The Stadium and Our Straits
Ron Drake,

The Tuesday, January 25, Washington Post article by Tim Craig describes the District’s desperate financial straits, According to that article, District finances are so dire that UDC’s junior college programs will be severely curtailed if additional money is not found. In this recession, with the high unemployment rate among those in need of the job skills and training taught by the community college, there can be no higher priority for District policy makers.

Which brings us full circle back to the baseball stadium controversy. Sell it. Start by selling whatever perks were reserved by and for the benefit of government officials. That includes special boxes, seats, and tickets. Appropriate those proceeds for job training. For those who burdened this city with this stadium and who now say it can’t be sold, they should be called to account for the harm they have done to the financial health and well-being of this city and the desperation to which they have abandoned the most vulnerable among us. And for what? To satisfy a former mayor’s ego in search of a monument to himself.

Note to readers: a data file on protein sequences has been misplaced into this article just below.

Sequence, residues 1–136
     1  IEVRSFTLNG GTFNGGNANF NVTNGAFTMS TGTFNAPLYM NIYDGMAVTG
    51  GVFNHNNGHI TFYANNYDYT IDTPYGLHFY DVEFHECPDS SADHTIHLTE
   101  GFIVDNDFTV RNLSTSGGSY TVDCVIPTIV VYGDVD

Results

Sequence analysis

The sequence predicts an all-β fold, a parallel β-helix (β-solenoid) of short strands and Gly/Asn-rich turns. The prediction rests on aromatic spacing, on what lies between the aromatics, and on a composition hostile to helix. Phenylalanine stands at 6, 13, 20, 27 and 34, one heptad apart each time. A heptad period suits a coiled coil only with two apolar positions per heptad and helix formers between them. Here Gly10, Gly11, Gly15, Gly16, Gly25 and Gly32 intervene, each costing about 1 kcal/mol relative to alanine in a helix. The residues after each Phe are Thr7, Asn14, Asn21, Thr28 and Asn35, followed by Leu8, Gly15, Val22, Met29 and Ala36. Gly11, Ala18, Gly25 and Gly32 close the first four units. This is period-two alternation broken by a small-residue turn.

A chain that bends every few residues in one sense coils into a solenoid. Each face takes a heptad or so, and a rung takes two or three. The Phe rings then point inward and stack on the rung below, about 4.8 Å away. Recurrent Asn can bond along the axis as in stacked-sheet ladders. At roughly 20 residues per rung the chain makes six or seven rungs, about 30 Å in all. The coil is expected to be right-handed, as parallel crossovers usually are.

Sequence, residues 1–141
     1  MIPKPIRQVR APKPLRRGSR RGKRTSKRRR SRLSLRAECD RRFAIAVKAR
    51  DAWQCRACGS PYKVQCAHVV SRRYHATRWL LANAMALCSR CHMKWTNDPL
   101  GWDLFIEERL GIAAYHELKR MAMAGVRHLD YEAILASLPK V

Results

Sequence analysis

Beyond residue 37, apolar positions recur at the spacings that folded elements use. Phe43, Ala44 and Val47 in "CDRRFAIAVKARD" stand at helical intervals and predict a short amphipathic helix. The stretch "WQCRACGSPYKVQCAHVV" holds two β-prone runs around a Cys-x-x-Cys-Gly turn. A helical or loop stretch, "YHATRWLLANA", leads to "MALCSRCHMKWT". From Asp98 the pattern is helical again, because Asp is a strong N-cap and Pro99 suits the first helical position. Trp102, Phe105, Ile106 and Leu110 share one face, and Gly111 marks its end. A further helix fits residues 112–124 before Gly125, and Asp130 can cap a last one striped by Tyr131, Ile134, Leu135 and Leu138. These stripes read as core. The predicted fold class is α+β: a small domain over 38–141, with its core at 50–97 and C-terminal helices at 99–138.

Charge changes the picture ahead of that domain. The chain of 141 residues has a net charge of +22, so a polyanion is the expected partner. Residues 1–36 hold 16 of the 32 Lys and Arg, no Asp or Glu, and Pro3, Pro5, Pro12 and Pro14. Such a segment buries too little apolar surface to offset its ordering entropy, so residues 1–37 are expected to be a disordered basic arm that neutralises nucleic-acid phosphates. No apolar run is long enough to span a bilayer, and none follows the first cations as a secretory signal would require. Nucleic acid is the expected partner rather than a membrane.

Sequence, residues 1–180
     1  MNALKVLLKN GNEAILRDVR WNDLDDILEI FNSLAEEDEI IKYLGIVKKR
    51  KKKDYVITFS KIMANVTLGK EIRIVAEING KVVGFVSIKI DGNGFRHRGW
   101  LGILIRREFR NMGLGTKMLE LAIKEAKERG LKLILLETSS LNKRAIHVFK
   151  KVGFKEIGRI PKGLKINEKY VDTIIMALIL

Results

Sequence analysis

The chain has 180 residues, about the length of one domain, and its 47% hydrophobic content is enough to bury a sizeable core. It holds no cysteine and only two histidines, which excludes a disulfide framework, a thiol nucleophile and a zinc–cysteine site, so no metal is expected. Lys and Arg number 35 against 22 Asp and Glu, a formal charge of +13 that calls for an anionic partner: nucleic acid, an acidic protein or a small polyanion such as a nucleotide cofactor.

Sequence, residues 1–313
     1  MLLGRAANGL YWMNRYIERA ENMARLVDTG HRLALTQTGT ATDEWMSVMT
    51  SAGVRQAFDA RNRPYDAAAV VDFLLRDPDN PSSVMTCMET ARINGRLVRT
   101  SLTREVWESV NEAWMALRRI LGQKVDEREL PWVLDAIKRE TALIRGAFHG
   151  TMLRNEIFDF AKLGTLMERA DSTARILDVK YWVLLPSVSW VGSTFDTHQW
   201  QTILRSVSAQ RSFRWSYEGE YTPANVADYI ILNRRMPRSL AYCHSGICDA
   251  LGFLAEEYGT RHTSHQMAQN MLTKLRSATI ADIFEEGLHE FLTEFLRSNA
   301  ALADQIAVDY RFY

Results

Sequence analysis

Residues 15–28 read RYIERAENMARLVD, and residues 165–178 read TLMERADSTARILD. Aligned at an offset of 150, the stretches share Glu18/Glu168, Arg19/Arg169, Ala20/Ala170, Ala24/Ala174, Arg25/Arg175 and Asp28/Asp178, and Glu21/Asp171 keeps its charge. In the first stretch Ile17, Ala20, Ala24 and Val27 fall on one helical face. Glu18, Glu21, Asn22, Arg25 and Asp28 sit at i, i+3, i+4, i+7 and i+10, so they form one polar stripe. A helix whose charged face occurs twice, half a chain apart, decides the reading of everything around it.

They were creative enough to find a way to exceed the supposed cost limit for the stadium. Now let them be creative enough to find a way around the giveaway contract they signed for the benefit of the non-District-resident owners of the baseball team. One possible approach could be the force majeure doctrine to abrogate this unfair contract, especially if it in fact prohibits sale. If they cannot do so, they forfeit any claim that they represent the best interests of our citizenry. They certainly subordinated the just claims of the needy to the claims of the not needy.


Assault and Robbery on the 90 Bus
Bryce A. Suderow,

One afternoon about three weeks ago one of the 90 busses was heading south on its run to Anacostia Station. The bus was crammed full of people all the way up to the bus driver’s seat. All of a sudden he heard screaming, “Stop the bus! Open the door! Open the doors!” At that point everything was shouting, and of course he could not tell what was happening, so he opened the doors. Two teenage boys burst out the back door and ran off.